On June 1, 2023, the Supreme Court unanimously held in two consolidated landmark cases, U.S. ex rel. Proctor v. Safeway Inc. and U.S. ex rel. Schutte et al. v. SuperValu Inc., that a defendant’s subjective beliefs must be considered in determining whether they "knowingly" violated the False Claims Act (FCA). This ruling will have far-reaching and immediate ramifications in FCA litigation.
The FCA’s knowledge requirement first became complicated when retail giants, such as Walmart, started offering cash-paying customers steep discounts on frequently-used generic drugs. This forced others in the retail pharmacy industry to quickly compete and offer competitor-matched pricing to individuals. While some retailers reported the much lower discounted price as the "usual and customary price" to Medicare and Medicaid when seeking reimbursement, other retailers reported the full price as usual and customary. The whistleblowers who initiated these suits claimed these pharmaceutical giants overcharged taxpayers by $200 million. They presented evidence that the retailers considered the full prices they actually reported to the government as false. Specifically, the whistleblowers cited testimony from industry executives and experts that their "personal" definitions of usual and customary meant the cheaper, discounted price charged to the general public rather than the full price. This evidence also included emails between executives expressing concerns about the financial losses the organizations would suffer if they had to report the competitor-matched prices as their usual and customary prices.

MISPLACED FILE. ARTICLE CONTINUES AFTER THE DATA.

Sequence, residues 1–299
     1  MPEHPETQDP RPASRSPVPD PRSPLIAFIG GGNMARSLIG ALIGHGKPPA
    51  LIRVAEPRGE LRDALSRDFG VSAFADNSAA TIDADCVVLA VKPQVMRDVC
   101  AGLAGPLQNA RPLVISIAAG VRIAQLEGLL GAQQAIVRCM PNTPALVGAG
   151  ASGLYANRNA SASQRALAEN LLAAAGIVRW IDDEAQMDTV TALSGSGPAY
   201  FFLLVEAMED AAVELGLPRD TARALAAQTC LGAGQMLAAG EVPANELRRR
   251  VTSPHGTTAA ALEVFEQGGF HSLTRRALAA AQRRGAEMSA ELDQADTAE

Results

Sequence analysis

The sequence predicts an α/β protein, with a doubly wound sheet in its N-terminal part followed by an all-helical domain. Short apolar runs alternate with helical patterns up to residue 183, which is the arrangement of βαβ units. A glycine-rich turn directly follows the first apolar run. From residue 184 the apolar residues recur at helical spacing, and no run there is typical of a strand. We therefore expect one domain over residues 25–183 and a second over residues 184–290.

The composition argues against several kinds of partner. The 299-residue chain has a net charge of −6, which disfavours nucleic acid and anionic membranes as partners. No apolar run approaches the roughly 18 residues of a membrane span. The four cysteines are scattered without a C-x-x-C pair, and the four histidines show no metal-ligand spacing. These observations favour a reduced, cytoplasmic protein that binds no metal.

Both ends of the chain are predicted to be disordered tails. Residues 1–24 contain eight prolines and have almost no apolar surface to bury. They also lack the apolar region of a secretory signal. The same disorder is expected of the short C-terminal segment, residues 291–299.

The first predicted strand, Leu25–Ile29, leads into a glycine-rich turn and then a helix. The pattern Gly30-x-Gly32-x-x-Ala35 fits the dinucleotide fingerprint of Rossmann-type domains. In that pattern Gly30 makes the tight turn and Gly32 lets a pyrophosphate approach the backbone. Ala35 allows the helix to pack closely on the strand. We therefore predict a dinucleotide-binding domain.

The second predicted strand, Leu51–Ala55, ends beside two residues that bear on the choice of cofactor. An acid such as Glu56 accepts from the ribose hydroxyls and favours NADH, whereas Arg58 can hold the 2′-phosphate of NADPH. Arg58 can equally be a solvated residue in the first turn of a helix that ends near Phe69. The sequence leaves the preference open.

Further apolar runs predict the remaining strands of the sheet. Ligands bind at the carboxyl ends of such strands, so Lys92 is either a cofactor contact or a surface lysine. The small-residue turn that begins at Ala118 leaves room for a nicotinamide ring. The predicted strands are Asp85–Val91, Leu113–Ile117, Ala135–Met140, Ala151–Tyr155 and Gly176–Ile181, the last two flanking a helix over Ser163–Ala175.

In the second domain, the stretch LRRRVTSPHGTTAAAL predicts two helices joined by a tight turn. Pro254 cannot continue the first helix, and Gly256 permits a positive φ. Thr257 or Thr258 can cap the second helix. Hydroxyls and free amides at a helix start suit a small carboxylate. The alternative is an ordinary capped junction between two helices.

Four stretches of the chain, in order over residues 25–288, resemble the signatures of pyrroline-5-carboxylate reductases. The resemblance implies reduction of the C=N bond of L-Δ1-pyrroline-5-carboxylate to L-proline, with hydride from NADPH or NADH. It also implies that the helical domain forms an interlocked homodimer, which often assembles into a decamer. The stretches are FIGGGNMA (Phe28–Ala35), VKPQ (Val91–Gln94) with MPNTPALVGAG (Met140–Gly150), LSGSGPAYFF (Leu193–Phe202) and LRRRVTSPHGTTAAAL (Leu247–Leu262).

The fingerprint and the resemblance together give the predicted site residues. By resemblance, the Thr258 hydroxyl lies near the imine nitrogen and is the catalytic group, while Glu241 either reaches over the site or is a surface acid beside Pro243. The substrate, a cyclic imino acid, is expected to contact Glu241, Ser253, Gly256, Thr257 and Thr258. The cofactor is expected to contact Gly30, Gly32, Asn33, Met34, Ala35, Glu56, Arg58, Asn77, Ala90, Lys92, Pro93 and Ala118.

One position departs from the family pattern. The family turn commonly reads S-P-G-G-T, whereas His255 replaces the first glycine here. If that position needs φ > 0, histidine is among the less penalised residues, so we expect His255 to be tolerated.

Then came the question: Does it matter if someone seeking reimbursement from a government program believes the numbers they are reporting are false? The Seventh Circuit held that because reporting the full price of the generic drugs was an objectively reasonable interpretation of an ambiguous legal requirement, these retailers did not violate the FCA, and the actual beliefs of their executives were immaterial to this determination. However, Justice Thomas, writing for a unanimous court, was quick to strike the Seventh Circuit’s reasoning down. "What matters for an FCA case is whether the defendant knew the claim was false," he wrote. Therefore, those doing business with the government can be found liable under the FCA if they simply "believed that their claims were not accurate."
Therefore, even if an FCA defendant correctly interprets the statutory requirement but subjectively believes their claim is false, under the Supreme Court’s clarifying holding, they could "know" their claims are false under the statute. This decision will have a large impact on the health care industry, with some predicting that even more companies will decide to settle to avoid high discovery costs. Now more than ever, FCA defendants are advised to consult with counsel on creating an unquestionable record of good-faith efforts to comply with the FCA, ambiguous regulations, and all. For those in the health care industry, a cautious and conscious approach in reporting drug prices to the government is advised — what a defendant subjectively believes about the numbers they report to the government can now be used against them.